Proposals are invited for:

  • Individual papers(20 minutes) – up to 350 words.
  • Themed paper sessions of three individual (20 minute) papers – 350 words per paper plus 350 words outlining the rationale for the session.
  • Seventy-five minute sessions in innovative formats – up to 1000 words outlining the form and content of the sessions.

Please submit proposals (including a short biography and institutional affiliation) by email in a word document attachment to: jazzutopia@bcu.ac.uk

The deadline for proposals is 1st September 2015; outcomes will be communicated to authors by 1st October 2015. All paper submissions will be considered by the conference committee:

  • Dr Christa Bruckner-Haring (University of Music & Performing Arts, Graz),
  • Dr Nicholas Gebhardt (chair; BCU),
  • Prof George McKay (University of East Anglia),
  • Loes Rusch (University of Amsterdam/BCU),
  • Dr Catherine Tackley (Open University),
  • Prof Walter van de Leur (University of Amsterdam/Amsterdam Conservatory),
  • Prof Tony Whyton (BCU/Birmingham Conservatoire).

The conference builds on the legacy of the Rhythm Changes research project. Rhythm Changes: Jazz Cultures and European Identities was funded as part of the Humanities in the European Research Area (HERA) Joint Research Programme, which ran from 2010-2013. The project team continues to develop networking opportunities and champion collaborative research into transnational jazz studies.

Updates on the conference and information about travel and accommodation will be available on this site over the next few months.

New book, The Pop Festival, from Rhythm Changes, with jazz festival research

We are delighted to announce the publication this summer of The Pop Festival: History, Music, Media, Culture (Bloomsbury), edited by George McKay, which features contributions from other Rhythm Changes scholars too: Anne Dvinge, Andrew Dubber, Nick Gebhardt. Altogether there are 14 essays from UK, USA, Europe, Australia (see table of contents below). The book is well-illustrated with archive and contemporary images of festival posters, ephemera, and includes a photo-essay on the British counterculture. Here’s what scholars in the field have been saying about it already: ‘nothing less than an alternate history of popular music since the Second World War’ Prof William Straw; ‘a lively, challenging, accessible and eclectic collection’ Prof Chris Gibson; ‘[in] this wonderful book, McKay assembles a series of masterful essays’ Prof Andy Bennett.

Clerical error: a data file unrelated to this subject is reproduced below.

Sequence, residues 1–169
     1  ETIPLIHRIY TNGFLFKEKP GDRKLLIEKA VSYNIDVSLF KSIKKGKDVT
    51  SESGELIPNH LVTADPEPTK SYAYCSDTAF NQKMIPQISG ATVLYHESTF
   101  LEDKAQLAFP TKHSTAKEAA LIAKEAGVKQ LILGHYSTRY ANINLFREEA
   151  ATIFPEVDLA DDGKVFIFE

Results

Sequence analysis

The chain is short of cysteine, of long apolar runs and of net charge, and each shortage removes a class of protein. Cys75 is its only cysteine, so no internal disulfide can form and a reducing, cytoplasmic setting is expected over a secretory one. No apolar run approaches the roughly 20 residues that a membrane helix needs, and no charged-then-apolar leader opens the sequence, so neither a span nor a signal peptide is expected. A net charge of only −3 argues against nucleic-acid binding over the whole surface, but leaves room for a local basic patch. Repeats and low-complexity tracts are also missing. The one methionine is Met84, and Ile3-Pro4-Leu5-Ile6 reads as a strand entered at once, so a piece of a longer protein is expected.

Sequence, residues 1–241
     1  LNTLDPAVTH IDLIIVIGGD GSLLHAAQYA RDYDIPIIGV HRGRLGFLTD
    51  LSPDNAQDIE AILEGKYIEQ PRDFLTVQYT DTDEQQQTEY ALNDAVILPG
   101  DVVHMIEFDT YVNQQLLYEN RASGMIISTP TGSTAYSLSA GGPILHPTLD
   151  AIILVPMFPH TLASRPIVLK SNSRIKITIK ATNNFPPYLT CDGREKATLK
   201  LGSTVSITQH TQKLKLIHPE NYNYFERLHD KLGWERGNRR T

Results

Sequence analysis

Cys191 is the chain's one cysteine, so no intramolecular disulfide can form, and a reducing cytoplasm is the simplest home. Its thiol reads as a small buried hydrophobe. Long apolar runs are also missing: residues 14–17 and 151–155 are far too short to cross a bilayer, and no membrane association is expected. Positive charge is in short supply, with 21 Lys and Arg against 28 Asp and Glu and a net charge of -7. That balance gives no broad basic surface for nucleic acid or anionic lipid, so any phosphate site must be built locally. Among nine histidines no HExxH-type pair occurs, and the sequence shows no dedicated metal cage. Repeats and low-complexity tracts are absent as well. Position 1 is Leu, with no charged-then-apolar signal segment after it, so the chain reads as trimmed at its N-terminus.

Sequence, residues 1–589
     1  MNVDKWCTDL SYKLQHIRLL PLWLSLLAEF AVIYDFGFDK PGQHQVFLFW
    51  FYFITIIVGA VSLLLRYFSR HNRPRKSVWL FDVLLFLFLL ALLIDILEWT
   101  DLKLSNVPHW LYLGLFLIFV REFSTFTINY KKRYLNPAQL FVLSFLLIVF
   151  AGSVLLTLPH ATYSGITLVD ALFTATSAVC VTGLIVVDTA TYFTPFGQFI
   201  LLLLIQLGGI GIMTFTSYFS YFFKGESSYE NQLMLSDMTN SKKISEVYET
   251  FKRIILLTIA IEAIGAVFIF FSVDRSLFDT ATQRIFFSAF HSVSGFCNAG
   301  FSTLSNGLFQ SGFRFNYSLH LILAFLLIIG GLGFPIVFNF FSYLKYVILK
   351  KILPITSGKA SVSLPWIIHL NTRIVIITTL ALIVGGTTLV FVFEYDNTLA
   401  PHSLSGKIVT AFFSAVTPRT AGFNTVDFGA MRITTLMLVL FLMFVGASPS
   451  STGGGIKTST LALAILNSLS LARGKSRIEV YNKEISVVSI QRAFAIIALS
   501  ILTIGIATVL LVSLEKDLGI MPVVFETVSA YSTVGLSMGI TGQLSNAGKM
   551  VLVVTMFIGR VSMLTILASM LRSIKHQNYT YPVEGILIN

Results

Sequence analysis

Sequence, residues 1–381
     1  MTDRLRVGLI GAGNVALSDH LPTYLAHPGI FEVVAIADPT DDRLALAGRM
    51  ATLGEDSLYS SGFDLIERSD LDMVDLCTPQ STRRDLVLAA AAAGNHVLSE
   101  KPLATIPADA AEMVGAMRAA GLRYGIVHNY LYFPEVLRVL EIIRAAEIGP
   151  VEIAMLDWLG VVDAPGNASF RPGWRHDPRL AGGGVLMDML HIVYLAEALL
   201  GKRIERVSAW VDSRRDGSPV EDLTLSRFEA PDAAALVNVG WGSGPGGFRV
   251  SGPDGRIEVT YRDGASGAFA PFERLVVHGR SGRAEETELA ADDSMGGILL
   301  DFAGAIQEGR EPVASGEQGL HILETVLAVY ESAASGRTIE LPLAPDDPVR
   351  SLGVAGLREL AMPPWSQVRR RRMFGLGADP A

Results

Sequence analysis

In particular essays by Anne (Detroit Jazz Festival) and George (feat. Beaulieu Jazz Festival, 1956-61) deal with the jazz festival. Here’s a short extract from Anne’s excellent study of Detroit, ‘Musicking in Motor City: reconfiguring urban space at the Detroit Jazz Festival’, which draws on her ethnographic and observational research there.

… the festival is intimately tied to the cultural and economic history and geography of Detroit. It functions as a marker of identity as well as a creator of radical space. Issues of production and economic gain, of tourism economy and commercial interests are central, but so are issues of participation and community that transcends the boundaries of the festival and its locale whilst being rooted in both place and tradition. I outline this history and development through three perspectives: the urban concept city, the role of music and the festival’s connection with both. I finally offer a reading of the festival with Christopher Small’s concept of musicking – music as a verb rather than an object – in mind. That is, a ritual that functions as “a form of organized behaviour in which humans use the language of gesture – to affirm, to explore, and to celebrate their ideas of how the relationships of the cosmos operate, and thus, how they themselves should relate to it and to one another”. Thus, the jazz festival performs a complex vernacular play and ritual that ultimately celebrates and connects Detroit with its past, present and future. Any city festival may achieve a temporary transformation of the urban; here I show how joy takes root annually in Detroit, and I also discus the specific contribution of the musical practice that is jazz to making a particular kind of festival and transformation.



The Pop Festival contents

George McKay

Chapter 1. ‘The pose is a stance’: popular music and the cultural politics of festival in 1950s Britain
George McKay

Chapter 2. Out of sight: the mediation of the music festival
Mark Goodall

Chapter 3. “Let there be rock!” Myth and ideology in the rock festivals of the transatlantic counterculture
Nicholas Gebhardt

Chapter 4. ‘As real as real can get’: race, representation, and rhetoric at Wattstax, 1972
Gina Arnold

Chapter 5. The artist at the music festival: art, performance and hybridity
Rebekka Kill

Chapter 6. Photo-essay: Free festivals, new travellers, and the free party scene in Britain, 1981-1992
Alan Lodge

Chapter 7. Festival bodies: the corporeality of the contemporary music festival scene in Australia
Joanne Cummings and Jacinta Herborn